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Author Topic: "Bring back the Greek gods"  (Read 4465 times)
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Last Login:September 30, 2008, 10:28:13 am
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Religion: Christian (Eastern Orthodox)
Posts: 43

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« Reply #8: October 28, 2007, 11:59:40 am »

The L.A. Times had an op-ed article on Oct. 23rd from Dr. Mary Lefkowitz, professor emerita at Wellesley College. In it, she argues for a return to polytheism, but her reasons are some I haven't seen often discussed in quite that way.

I'm totally unfamiliar with her work etc...but I can't help but wonder exactly what is she a professor of?  Shocked It could simply be the way the article is written and quoted out of context of a larger world view she has, but from simply reading that article she seems lacking in knowledge about pretty much all the religions of late antiquity, including monotheism. She forgets to mention that a large portion (though maybe not the majority) of the greek philosophers had long given up on hard polytheism as truth, and they were  influenced by Hellenistic cultures, religions etc... That's one reason the Jesus movement was able to "take off" as it were so easily, because many people no longer really accepted hard polytheism.

The article says:

Unlike the monotheistic traditions, Greco-Roman polytheism was multicultural.

This one's simply so inaccurate from a historical perspective...that is if she is even talking about ancient Christianity at all. She seems to be talking modern American Evangelical Christianity which is something very different...if that's what she's talking about, then I would definitely agree with her!  Cheesy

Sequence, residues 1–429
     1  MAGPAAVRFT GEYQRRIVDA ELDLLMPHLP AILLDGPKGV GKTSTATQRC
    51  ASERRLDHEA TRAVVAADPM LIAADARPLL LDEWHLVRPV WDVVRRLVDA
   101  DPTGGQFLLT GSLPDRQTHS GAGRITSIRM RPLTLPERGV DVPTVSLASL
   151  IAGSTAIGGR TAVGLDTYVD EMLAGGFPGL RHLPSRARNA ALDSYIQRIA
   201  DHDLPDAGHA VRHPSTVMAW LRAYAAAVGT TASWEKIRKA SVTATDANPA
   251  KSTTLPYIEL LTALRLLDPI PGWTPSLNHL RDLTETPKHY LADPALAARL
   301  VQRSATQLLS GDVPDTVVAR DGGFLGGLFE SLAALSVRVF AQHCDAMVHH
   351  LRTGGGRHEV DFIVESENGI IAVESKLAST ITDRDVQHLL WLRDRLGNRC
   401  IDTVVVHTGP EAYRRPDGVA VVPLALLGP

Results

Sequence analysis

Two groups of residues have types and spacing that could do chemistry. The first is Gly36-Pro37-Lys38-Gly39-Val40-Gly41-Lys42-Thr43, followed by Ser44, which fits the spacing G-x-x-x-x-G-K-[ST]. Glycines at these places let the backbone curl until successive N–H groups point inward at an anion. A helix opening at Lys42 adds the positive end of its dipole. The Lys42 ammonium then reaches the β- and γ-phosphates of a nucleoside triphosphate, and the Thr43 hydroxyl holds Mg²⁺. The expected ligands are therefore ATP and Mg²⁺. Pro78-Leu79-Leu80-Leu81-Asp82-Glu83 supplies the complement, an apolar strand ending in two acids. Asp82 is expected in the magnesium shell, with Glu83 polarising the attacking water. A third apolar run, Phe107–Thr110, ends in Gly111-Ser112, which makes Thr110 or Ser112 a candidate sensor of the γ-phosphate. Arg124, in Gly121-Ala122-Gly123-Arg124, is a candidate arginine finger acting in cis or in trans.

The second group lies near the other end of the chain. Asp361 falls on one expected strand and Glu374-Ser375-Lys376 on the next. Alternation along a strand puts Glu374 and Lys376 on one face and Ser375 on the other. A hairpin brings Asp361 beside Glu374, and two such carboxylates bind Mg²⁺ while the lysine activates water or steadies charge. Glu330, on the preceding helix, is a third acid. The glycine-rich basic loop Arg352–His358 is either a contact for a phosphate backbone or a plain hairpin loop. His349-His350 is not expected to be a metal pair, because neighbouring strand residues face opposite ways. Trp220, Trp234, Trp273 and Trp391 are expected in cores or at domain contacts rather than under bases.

The Greeks and Romans did not share the narrow view of the ancient Hebrews that a divinity could only be masculine.

She's going to have a tough time explaining the wisdom tradition of  2nd Temple Judaism with this understanding! Smiley (of which christians inherited and developed even further)

Similarly, when Christians denied the existence of any gods other than their own, the Romans suspected political or seditious motives and persecuted them as enemies of the state.

Didn't she start the article out by saying polytheists did NOT kill people for having different beliefs? Now she admits they did? True, it was largely for political reasons, but I just find it odd the way she argues the point, thats all.

I'm actually probably being a little too hard on this article because admittedly it is out of a broader context which I'm sure makes more sense. But she really doesn't show much knowledge about monotheism of the period she's talking about...rather it seems she is seeing "Christianity" as the Evangelical American kind (and of a specific genre of even that) rather than studying what Christians of THAT time actually wrote and believed.

Granted I understand her frustrations, I imagine everyone her does as well. But she takes a very "Elaine Pagels" view of the ancient world, which needless to say, isn't very accurate. (a sort of fuzzy, fluffy bunny view of ancient paganism) She does have some good arguments, but they are mostly philosophical, and while they certainly make sense to her, and perhaps others, from an historical perspective they are, at least in my opinion, quite weak.


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